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and I don’t shovel goat shit or haul logs out of the forest,
now that I don’t have sex every night or carry two fat boys,
one on each hip, up small mountains,
I have to go to exercise class.
Thank God for Zoom and pajamas
and the really bad eyesight that lets me forget
what everyone else can see all too clearly.
And our teacher is kind; she is like a kindergarten mom
holding a cupcake tray. No one ever riles her
with hard questions such as Why should I care?
Some days I even believe in my husk,
feel a sort of scraggly, dogged pride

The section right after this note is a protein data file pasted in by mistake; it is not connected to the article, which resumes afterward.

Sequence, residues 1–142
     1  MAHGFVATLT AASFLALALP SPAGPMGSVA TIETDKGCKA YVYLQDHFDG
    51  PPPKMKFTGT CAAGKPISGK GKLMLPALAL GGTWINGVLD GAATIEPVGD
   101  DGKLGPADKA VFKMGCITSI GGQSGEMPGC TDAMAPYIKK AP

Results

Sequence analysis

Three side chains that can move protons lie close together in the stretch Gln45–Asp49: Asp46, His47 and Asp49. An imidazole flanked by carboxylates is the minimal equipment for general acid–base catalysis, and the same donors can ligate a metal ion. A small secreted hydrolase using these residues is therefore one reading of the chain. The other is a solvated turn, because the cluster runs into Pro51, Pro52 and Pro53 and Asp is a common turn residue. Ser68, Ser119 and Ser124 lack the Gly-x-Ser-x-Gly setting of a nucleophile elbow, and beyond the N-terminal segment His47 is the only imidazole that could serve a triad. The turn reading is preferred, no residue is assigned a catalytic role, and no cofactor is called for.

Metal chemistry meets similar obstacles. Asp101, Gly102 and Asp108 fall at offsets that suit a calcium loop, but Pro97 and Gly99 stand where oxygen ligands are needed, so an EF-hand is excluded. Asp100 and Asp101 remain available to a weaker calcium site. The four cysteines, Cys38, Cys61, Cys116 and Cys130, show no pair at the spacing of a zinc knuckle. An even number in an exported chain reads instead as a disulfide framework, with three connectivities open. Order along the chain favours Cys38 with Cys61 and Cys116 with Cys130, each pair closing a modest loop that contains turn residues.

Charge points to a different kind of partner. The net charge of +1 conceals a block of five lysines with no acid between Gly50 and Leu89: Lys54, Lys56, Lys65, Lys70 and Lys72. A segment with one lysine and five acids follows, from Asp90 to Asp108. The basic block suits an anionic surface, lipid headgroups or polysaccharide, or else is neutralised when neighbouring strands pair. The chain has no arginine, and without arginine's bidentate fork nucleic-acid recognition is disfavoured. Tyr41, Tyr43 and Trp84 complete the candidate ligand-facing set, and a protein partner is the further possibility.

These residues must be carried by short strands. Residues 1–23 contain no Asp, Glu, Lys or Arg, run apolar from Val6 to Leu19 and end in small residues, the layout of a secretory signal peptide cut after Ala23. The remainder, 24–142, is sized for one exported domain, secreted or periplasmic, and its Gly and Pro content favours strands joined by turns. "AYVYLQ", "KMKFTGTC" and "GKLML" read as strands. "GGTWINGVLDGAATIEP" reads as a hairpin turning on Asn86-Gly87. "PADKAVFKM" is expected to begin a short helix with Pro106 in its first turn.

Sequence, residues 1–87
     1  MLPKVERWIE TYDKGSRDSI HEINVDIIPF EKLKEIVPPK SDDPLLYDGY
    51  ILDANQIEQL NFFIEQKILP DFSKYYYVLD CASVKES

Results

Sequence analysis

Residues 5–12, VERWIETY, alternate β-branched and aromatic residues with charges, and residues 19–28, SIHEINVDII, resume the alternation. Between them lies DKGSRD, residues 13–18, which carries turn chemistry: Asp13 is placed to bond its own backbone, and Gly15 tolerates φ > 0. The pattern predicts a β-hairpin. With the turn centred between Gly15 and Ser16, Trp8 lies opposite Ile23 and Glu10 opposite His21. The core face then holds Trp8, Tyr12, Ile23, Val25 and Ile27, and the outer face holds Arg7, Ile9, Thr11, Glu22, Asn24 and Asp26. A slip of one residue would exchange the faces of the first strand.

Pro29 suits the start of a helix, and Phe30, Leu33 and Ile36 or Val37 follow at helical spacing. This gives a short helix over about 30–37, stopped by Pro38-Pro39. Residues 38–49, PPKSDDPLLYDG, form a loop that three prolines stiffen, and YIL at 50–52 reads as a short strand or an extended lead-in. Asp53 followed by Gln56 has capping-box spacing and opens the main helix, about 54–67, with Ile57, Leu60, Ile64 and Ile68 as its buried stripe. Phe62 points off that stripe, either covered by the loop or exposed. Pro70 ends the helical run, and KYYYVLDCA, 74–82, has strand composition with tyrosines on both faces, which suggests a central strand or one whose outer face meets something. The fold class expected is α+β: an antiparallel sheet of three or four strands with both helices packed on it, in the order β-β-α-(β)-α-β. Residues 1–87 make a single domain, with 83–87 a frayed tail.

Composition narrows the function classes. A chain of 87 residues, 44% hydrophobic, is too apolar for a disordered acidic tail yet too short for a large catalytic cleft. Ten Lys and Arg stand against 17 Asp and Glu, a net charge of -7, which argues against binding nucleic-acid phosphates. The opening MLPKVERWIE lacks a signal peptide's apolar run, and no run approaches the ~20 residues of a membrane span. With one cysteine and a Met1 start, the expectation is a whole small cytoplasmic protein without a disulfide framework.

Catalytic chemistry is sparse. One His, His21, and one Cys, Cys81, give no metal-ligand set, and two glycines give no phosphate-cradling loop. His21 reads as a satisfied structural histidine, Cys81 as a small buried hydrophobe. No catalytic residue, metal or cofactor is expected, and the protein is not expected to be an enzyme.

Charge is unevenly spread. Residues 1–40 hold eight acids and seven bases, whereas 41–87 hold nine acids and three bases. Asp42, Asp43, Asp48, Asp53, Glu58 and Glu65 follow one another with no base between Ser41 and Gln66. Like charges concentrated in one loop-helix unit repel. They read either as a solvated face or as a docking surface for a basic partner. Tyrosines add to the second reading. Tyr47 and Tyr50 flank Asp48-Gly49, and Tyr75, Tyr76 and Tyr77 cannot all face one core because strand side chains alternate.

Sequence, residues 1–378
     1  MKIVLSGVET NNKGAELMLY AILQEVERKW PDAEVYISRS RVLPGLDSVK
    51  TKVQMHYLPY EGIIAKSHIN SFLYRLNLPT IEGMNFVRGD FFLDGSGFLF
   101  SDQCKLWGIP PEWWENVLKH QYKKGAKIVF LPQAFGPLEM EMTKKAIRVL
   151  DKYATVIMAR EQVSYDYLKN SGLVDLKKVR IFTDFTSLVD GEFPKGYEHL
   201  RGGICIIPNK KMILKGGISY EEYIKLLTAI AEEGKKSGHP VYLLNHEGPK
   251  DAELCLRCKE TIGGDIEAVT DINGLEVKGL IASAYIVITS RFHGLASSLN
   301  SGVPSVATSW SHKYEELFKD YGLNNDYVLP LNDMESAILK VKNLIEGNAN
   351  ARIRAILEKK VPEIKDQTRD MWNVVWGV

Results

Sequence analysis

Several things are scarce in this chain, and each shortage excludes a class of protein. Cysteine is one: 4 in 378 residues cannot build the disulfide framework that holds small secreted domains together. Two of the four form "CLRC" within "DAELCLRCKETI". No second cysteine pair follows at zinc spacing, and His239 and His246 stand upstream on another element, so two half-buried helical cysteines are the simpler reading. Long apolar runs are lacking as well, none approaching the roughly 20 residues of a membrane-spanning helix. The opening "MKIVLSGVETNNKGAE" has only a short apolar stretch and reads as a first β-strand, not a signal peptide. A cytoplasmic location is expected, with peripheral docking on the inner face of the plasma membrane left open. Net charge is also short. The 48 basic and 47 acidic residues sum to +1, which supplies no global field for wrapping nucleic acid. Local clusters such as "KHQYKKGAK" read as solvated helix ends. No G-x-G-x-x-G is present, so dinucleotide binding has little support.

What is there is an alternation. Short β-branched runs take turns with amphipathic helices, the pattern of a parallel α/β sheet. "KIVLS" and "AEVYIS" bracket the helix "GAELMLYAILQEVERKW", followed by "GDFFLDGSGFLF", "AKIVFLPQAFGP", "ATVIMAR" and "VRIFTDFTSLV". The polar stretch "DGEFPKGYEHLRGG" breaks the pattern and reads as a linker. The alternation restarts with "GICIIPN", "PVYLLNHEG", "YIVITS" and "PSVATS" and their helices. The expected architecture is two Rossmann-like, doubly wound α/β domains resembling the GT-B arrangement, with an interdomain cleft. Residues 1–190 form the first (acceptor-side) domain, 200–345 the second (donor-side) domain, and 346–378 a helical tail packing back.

when I’m in the midst of squatting for eternity
or doing horrible pushups and the teacher is cooing,
“You’re superwomen!” and we’re all on mute
so we can’t talk back even if we had the breath to do it.
Lord, I don’t know what I’m really writing about—
Maybe it’s fear of death, maybe it’s mourning
because the man I love snores so hard
that we can’t sleep in the same bed all night,
maybe it’s the sight of my mother,
shoulders curled in like a toad’s,
ensconced in her chair, diddling on her phone,
too indifferent to put her dishes into the sink.
I want to be alive, aglow. I want what I can’t have,
a chance to reprise a body that sings to a heart,
but instead, morning after morning, I struggle
through crunches and dips, waiting for a voice
to call out from the aether: “You can stop now.”
Copyright 2022 Dawn Potter
Dawn Potter’s many books include Chestnut Ridge (Deerbrook 2019). She lives in Maine.